1. On 29 June 2015, the CCMA handed down the award in the test case in respect of the consequence of section 189A(3)(b) of the LRA (the deeming clause). The issue was whether or not the consequence of deeming was exclusive employment by the client or dual employment (i.e. both the client and the TES being employers).
2. In summary, the CCMA has interpreted the clause to mean that the client becomes the sole employer of placed workers for the purposes of the LRA.
3. Despite CAPES having being optimistic of a positive result following the hearing of oral argument, it is apparent that rather than focus on the argument presented during the hearing (with both parties being represented by senior counsel) the arbitrator has defaulted back to the CCMA training.
4. CAPES has been concerned about the training that CCMA Commissioners were receiving resulting in this ruling.
5. Having taken legal advice, we are, with respect to the arbitrator, satisfied that the ruling is wrong.
6. Quite apart from the ruling being wrong, we are advised that the arbitrator’s award is, with respect to him, largely unhelpful. He has not grappled with the arguments presented to him.
7. For example, the arbitrator fails to deal with the practical examples of deeming resulting in the TES no longer being the employer. This includes rights acquired against the TES such as stop order facilities. The arbitrator has failed to deal with the fact that, on his finding, TES’s could simply stop paying over union dues (because these are rights that flow from the LRA).
8. In response to the argument that, if the TES was meant to fall out of the picture, the Legislature would have said so (along the lines that it did in respect of section 197 – transfer as a going concern) the arbitrator bluntly dismisses this argument by saying if the Legislature had wanted dual employment it could have said so. The arbitrator’s comment overlooks two critical issues. The first is that our law readily accepts dual employment. Secondly it is a rule of interpretation is that a statute will not be lightly interpreted to change the common law (i.e. if the statute intends something different to common law, it should state that in clear and unequivocal terms).
9. The arbitrator then goes on a frolic of his own and compares the deeming clause to “adoption” in South African law. He argues that adoption results in the former parent falling out the picture. While this is so, this is because section 242 of the Children’s Act expressly records that the biological parent loses parental rights. Accordingly, it follows that the arbitrator’s adoption example, if anything, supports the dual employment argument – because the LRA does not expressly state that the TES falls away (as the Children’s Act states in respect of the biological parent).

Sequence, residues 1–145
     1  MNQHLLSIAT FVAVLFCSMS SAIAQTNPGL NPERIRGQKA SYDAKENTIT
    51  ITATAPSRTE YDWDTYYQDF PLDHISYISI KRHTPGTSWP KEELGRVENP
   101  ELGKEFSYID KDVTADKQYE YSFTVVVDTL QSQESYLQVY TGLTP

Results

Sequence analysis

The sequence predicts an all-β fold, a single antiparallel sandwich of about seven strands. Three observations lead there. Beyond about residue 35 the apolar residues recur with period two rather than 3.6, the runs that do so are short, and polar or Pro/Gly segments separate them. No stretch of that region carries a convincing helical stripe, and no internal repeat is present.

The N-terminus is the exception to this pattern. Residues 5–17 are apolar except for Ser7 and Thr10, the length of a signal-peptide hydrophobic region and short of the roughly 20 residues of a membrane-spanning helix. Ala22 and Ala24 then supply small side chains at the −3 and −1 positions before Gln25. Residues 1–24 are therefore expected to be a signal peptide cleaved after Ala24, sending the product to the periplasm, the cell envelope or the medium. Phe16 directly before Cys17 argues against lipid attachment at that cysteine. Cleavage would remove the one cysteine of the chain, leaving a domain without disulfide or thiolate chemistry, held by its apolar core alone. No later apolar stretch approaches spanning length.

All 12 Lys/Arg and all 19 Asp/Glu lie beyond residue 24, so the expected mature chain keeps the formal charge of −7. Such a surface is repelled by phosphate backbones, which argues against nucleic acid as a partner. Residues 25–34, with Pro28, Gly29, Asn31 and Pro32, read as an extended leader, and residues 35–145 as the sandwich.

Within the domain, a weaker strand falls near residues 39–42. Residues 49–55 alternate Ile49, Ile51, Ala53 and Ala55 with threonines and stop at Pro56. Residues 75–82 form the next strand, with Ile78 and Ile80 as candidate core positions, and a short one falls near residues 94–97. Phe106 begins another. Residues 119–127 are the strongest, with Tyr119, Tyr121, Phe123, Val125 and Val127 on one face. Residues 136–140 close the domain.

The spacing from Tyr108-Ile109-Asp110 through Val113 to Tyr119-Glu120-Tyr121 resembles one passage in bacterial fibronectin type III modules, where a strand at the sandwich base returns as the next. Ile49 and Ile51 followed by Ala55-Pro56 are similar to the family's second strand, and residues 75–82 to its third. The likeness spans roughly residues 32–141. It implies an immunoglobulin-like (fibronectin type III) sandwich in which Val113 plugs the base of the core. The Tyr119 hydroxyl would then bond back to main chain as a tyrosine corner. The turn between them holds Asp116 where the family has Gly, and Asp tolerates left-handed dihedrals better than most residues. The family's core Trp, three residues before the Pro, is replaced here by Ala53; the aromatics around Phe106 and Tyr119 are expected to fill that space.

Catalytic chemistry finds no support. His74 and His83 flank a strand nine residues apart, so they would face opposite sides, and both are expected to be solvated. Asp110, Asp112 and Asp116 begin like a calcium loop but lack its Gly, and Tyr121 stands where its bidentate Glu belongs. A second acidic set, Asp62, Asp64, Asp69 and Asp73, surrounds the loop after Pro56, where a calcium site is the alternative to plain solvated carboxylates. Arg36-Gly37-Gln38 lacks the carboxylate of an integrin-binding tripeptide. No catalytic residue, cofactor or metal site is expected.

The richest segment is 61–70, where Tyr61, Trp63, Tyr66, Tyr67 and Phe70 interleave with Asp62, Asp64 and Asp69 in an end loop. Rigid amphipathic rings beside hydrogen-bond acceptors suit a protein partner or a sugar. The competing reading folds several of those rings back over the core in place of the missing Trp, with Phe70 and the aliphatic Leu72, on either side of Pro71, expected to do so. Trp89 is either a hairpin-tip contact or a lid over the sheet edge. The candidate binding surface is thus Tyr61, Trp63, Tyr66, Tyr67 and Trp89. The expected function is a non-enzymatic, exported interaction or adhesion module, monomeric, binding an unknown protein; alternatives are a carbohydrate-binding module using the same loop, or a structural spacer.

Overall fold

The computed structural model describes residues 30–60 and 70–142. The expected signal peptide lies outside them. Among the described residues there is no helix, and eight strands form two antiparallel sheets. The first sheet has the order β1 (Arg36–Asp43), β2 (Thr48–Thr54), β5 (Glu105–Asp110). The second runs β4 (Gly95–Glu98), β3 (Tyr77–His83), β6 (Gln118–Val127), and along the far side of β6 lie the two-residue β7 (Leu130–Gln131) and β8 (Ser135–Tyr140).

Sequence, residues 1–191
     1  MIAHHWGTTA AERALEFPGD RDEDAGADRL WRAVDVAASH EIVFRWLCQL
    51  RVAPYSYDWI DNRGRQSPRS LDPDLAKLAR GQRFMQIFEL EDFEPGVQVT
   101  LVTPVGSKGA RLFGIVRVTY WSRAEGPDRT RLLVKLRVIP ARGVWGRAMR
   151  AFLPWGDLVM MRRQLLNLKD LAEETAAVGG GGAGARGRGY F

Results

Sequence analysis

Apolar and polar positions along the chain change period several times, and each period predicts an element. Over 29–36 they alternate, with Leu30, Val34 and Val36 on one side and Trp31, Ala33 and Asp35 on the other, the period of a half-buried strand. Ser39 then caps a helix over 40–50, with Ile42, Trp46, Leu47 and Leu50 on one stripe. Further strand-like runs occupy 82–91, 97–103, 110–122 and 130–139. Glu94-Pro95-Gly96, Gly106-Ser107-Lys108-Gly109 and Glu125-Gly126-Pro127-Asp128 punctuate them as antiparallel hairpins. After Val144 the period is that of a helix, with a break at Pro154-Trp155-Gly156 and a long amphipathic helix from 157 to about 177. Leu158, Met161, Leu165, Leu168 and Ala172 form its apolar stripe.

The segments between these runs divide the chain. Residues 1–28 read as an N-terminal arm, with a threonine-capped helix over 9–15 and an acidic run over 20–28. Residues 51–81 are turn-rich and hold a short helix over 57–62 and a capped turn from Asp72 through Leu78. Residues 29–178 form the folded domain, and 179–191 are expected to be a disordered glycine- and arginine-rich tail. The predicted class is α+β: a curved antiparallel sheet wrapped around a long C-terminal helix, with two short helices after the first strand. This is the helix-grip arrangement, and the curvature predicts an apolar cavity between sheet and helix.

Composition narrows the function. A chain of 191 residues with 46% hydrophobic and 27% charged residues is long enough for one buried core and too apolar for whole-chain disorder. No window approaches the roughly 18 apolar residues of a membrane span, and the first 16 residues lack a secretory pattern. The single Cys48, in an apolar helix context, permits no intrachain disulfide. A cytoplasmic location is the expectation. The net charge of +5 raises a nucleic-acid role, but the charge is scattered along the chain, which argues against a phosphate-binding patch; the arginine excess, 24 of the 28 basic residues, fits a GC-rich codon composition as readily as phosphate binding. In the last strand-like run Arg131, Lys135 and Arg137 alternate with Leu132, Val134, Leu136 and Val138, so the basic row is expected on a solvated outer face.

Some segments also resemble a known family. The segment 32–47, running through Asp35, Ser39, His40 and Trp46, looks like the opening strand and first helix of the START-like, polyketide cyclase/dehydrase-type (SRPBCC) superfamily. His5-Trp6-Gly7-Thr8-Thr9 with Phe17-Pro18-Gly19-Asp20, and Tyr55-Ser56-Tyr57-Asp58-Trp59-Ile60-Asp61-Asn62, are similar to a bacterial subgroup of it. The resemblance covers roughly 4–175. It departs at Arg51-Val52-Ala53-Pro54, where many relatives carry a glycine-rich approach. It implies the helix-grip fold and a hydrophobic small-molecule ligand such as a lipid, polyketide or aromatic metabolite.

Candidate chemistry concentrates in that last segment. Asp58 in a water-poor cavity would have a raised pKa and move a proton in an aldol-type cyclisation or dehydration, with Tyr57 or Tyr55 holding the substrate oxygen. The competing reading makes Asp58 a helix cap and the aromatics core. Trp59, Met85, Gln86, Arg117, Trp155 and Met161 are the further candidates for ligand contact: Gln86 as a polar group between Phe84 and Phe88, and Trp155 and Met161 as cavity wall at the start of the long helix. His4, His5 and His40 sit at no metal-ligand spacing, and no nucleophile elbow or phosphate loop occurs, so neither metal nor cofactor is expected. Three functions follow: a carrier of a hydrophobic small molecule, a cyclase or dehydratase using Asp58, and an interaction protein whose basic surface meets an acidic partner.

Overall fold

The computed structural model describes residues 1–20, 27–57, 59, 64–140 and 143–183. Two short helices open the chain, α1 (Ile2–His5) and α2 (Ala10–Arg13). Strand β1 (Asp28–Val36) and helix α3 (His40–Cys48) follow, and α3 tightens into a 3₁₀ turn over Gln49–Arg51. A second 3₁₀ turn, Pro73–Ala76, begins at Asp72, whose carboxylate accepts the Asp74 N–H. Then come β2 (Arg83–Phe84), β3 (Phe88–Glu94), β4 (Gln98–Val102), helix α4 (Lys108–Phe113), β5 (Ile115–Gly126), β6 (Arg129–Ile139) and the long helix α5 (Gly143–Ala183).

10. Perhaps the best example of the arbitrator relying on old training rather than argument presented to him, is his reference to the memorandum of objects (which accompanied the various drafts of the Amendment Bill) recording that once deeming takes place, the employees “are deemed for the purpose of the LRA to be employees of the client and not the TES”. While this appears persuasive, it is wrong. The later versions of the memorandum of objects removed those words. There is a reason for removing those words. The reason being that it did not reflect the intention of the Legislature.
The way forward
11. The legal team has already been briefed to draft urgent review papers. Review papers will be filed by Friday 3 July 2015.
12. Arrangements are being made for this matter to be heard on an urgent basis. We plan on having it heard before the end of July 2015.
13. In the interim, it is intended to approach the CCMA and bargaining councils with a view to putting similar cases on hold pending the Labour Court ruling.
14. It has always been known that this issue will not end at the CCMA. Accordingly, CAPES urges all to recognise that there is every chance of the Labour Court setting aside this ruling and therefore planning and strategy should take this into account.